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How are PhDs in "Interdisciplinary Studies" or "Individual Studies" (i.e. create-your-own PhD major/combination of two fields) viewed on the job market as compared to standard disciplinary PhDs? I've heard it's not as good, but is it significantly worse? Specifically for the humanities/social sciences, not hard STEM.

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  • 2 weeks later...

I was originally considering some interdisciplinary PhD programs, and honestly might still be, so I can give you the advice I was given by my undergrad professors, since I asked three different professors a bunch of these questions... The gist that I got was that it really depends on the prestige of the school, and how you can spin your dissertation into something that helps you fit into a specific humanities department. But, the name of the degree does carry some weight (ex. having an English PhD looks better to English departments than having an interdisciplinary PhD in which you used skills that you would use in an English PhD). I've also heard from them that sometimes these departments are less cohesive-- if we consider universities as the neoliberal institutions that they are, these sorts of departments are often a money-saving measure. Professors within them might not know each other or communicate with each other as well as professors in a traditional humanities department.

I would also argue that many humanities programs tend to be fairly interdisciplinary at this point anyway-- you can usually take courses in other humanities departments, and your dissertation can certainly include elements from multiple fields, so long as, say for example, your English PhD dissertation is at least reasonably focused around literary analysis/theory. I was advised into the recent dissertations coming out of different humanities programs as well as Professor interests to see if there are programs where you feel you could explore your interdisciplinary interests while also having a degree that might look more attractive to departments during the hiring process. For me personally, I have been looking into English programs that have strong faculty in using a continental philosophy lens for literary analysis. But of course don't check specifically interdisciplinary programs off your list if it really is where you think you would fit in best and have the most fruitful experience! Hope some of this was helpful :)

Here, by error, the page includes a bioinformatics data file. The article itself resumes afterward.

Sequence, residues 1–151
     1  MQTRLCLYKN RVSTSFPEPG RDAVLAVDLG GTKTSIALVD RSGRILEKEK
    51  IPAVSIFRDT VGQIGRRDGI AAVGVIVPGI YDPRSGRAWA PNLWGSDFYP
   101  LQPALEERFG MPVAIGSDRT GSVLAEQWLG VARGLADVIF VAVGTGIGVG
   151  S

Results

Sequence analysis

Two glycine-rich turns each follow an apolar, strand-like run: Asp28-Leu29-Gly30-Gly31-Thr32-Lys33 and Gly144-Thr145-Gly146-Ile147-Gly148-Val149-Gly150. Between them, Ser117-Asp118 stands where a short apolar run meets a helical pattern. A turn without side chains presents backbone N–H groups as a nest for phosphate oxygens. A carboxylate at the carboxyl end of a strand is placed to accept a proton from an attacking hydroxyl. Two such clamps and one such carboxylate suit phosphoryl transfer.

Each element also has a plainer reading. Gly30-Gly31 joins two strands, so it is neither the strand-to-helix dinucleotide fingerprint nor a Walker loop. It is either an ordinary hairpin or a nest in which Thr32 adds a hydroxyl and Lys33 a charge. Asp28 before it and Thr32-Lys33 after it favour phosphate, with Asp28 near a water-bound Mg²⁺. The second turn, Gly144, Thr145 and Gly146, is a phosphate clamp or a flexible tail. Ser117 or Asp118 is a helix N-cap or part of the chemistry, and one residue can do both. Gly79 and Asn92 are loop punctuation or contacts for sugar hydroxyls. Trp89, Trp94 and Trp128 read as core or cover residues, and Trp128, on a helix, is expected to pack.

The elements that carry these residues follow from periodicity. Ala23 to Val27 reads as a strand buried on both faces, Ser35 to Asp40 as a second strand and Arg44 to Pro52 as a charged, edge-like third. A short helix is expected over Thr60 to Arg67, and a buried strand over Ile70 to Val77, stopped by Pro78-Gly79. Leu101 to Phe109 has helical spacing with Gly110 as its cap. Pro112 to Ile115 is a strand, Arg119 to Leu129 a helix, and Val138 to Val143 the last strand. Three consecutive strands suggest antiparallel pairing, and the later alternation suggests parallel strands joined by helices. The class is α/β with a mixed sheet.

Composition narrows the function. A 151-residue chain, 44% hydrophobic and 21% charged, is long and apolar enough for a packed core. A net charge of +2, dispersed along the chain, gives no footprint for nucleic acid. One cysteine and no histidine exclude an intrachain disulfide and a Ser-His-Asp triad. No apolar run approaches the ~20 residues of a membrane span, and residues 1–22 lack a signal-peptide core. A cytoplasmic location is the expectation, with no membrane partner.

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  • 7 months later...
On 8/27/2020 at 2:09 PM, Doc Sportello said:

these sorts of departments are often a money-saving measure.

Could you explain this? Just for my general curiosity. How do interdisciplinary departments save money? Do universities form interdisciplinary studies departments as an alternative to having stand-alone departments? 

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On 4/19/2021 at 3:58 PM, ajak568 said:

Could you explain this? Just for my general curiosity. How do interdisciplinary departments save money? Do universities form interdisciplinary studies departments as an alternative to having stand-alone departments? 

Probably they meant the degree was created as a stop-gap to avoid expanding or 'renovating' an existing, traditional degree programme. For example, a shrinking (or not) Anthropology department gets axed by budget cuts. In response to the outcry from students, faculty, and alum, the University announces the creation of an Interdisciplinary Ph.D. that allows students access to the faculty who have been shuffled around from their homes in Anthropology department. Where an in incoming student for this new programme would have fit into the now-axed Anthro department, it is arguable whether their experience will come close to what the full department used to offer.

 

The second way I can make sense of this is if the funding breakdown is objectively different than those offered to traditional Anthro/History/English Ph.D. Then you are looking at a manipulation of sources and uses of funds. Possibly even by asking for a separate application the University could be making money off of fees, etc.

 

Lastly -- and may god forbid this case -- it could be that the new interdisciplinary Ph.D programme is designed to keep those students away from the GSAS fellowships and perhaps even charge them tuition or alike. These cash-cow degrees are more commonly found as terminal MAs, though I wouldn't put it past at least one US school in 2021 to try this last option out.

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